4. Big data enables individual and local solutions
The quality and quantity of data is of huge importance, but many growers consider collecting it tedious. But even with just a few photos AI technologies can  support growers, for example, in recording their crop. Data can be used for many different purposes, including for developing forecasts. For example, e-Gro, Grodan's latest innovation, allows growers to make a harvest forecast for the next four weeks. In addition, growers can benefit from more general AI-based forecasts and data-driven crop advice. Big data can also be used for individual intelligent solutions in the greenhouse. Experts often name general rules, but specific growers in certain regions with specific climates need tailor-made solutions. "That will really make a difference," says Karacor. "With a continuous flow of big data, growers can benefit from all the advantages of machine learning and AI. That's very interesting."

5. Automation for optimal efficiency
In greenhouse farming, a lot is still done by hand, such as planting, registering, harvesting, etc. These are tedious, labour-intensive tasks with a lot of repetition that could also be done by robots, for example. Automation is important not only for increased efficiency, but also to address health and safety challenges, for example to prevent the spread of viruses and bacterium and diseases (by reducing contact between people and between people and the crops); the COVID-19 pandemic made us realise its importance even more.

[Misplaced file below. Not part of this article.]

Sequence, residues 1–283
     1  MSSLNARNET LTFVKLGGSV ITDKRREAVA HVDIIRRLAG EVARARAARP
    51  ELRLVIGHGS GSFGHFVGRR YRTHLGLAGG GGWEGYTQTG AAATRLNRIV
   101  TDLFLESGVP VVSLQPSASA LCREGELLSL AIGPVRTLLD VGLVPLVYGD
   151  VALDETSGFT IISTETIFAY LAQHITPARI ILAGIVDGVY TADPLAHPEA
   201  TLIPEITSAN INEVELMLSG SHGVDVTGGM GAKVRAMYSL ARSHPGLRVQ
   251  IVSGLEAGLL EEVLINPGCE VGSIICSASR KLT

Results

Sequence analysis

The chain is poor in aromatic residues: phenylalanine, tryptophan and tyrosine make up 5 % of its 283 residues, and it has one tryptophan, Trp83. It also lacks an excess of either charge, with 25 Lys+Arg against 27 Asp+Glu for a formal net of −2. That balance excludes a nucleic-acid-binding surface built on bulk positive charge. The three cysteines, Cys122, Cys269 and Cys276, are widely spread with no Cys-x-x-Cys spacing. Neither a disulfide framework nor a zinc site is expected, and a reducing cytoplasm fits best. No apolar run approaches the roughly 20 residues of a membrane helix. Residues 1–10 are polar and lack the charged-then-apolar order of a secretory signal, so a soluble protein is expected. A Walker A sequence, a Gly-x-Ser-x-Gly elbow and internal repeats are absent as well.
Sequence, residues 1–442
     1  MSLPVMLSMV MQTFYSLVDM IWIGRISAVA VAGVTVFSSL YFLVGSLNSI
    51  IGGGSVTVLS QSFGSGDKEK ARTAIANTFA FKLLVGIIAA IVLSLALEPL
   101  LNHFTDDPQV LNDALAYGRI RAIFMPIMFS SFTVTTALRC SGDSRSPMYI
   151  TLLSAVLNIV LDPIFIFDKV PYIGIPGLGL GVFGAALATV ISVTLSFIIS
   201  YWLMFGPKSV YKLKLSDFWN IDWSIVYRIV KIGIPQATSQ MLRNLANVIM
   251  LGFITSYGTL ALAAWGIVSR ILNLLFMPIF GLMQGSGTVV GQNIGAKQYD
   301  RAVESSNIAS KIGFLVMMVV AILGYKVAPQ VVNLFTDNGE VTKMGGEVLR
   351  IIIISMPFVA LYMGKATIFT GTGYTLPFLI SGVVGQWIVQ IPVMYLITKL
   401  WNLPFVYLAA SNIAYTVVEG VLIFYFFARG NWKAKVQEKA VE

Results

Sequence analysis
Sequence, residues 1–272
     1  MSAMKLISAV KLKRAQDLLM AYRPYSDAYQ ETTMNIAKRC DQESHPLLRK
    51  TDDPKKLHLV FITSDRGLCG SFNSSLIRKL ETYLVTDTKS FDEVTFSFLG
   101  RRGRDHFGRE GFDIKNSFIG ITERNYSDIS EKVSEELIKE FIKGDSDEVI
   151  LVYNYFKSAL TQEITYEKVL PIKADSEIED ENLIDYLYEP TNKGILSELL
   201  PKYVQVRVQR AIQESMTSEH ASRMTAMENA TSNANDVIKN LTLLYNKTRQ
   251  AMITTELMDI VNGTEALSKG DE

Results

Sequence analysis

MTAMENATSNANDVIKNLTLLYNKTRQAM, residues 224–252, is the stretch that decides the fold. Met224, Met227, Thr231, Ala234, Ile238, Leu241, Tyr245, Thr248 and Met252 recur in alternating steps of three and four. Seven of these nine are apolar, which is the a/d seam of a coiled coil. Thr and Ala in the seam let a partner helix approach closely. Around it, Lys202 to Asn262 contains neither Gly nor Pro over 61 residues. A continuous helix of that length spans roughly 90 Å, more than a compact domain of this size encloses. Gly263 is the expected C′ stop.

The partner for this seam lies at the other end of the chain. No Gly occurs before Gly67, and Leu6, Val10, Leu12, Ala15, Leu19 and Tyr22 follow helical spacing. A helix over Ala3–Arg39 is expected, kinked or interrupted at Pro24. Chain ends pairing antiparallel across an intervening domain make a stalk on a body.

Karacor's advice regarding the last point: "The good thing is that these solutions are user-friendly. If you work with the right people, it will prove surprisingly easy and very rewarding."

Where botany and data science meet
For the new crop forecasting module, Grodan has combined the power of data science with 50 years of crop growing expertise. The innovative technology that analyses all available data in your Greenhouse finds the patterns and critical factors that affect harvest. The result is a new AI-based module for crop forecasting; a valuable addition to the egro platform. Click here for more information on the egro platform.

The autonomous Greenhouse: within five years?
Future Greenhouses will become increasingly autonomous. AI solutions will make the lives of experts and growers a whole lot easier. "My mission is the realisation of the autonomous Greenhouse through the use of data combined with advanced AL and AI methodologies," concludes Karacor. "And I want to achieve that goal step by step, within five years." The Future may be closer than you think.  

More information on modern technologies can be found in the article "Greenhouse innovations all growers should know about". 

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Whitepaper part 1 - The start of data-driven growing

This whitepaper is available to anyone interested in data-driven cultivation.

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Whitepaper part 2 - The impact of data-driven cultivation

This whitepaper is available to anyone interested in data-driven cultivation.